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Type: Journal article
Title: Plant High-Affinity Potassium (HKT) transporters involved in salinity tolerance: structural insights to probe differences in ion selectivity
Author: Waters, S.
Gilliham, M.
Hrmova, M.
Citation: International Journal of Molecular Sciences, 2013; 14(4):7660-7680
Publisher: MDPI AG
Issue Date: 2013
ISSN: 1661-6596
Statement of
Shane Waters, Matthew Gilliham and Maria Hrmova
Abstract: High-affinity Potassium Transporters (HKTs) belong to an important class of integral membrane proteins (IMPs) that facilitate cation transport across the plasma membranes of plant cells. Some members of the HKT protein family have been shown to be critical for salinity tolerance in commercially important crop species, particularly in grains, through exclusion of Na+ ions from sensitive shoot tissues in plants. However, given the number of different HKT proteins expressed in plants, it is likely that different members of this protein family perform in a range of functions. Plant breeders and biotechnologists have attempted to manipulate HKT gene expression through genetic engineering and more conventional plant breeding methods to improve the salinity tolerance of commercially important crop plants. Successful manipulation of a biological trait is more likely to be effective after a thorough understanding of how the trait, genes and proteins are interconnected at the whole plant level. This article examines the current structural and functional knowledge relating to plant HKTs and how their structural features may explain their transport selectivity. We also highlight specific areas where new knowledge of plant HKT transporters is needed. Our goal is to present how knowledge of the structure of HKT proteins is helpful in understanding their function and how this understanding can be an invaluable experimental tool. As such, we assert that accurate structural information of plant IMPs will greatly inform functional studies and will lead to a deeper understanding of plant nutrition, signalling and stress tolerance, all of which represent factors that can be manipulated to improve agricultural productivity.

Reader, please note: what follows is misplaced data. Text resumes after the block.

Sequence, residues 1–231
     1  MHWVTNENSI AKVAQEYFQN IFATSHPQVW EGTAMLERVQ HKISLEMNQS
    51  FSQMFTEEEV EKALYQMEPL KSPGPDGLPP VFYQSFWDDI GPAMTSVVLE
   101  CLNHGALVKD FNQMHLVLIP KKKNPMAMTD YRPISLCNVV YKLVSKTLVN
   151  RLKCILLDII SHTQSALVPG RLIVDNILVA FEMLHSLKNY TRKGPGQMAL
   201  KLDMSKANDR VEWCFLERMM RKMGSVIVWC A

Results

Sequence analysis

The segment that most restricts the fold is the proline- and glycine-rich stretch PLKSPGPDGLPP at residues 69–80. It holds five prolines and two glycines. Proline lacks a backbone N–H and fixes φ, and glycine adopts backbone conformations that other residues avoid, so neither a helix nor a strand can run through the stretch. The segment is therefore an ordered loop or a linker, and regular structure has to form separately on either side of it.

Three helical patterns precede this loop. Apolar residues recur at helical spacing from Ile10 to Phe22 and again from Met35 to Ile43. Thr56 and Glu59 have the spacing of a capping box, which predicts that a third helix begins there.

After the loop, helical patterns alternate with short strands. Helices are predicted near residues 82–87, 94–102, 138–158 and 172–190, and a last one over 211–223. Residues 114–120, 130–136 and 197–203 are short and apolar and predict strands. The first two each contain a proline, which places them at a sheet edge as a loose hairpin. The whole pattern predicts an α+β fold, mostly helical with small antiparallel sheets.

Keywords: Bacterial TrkH K+ transporter; cation exclusion; protein structure and function; selectivity filter and pore; structural analysis
Rights: © 2013 by the authors; licensee MDPI, Basel, Switzerland. This article is an open access article distributed under the terms and conditions of the Creative Commons Attribution license (
RMID: 0020128197
DOI: 10.3390/ijms14047660
Grant ID:
Appears in Collections:Agriculture, Food and Wine publications

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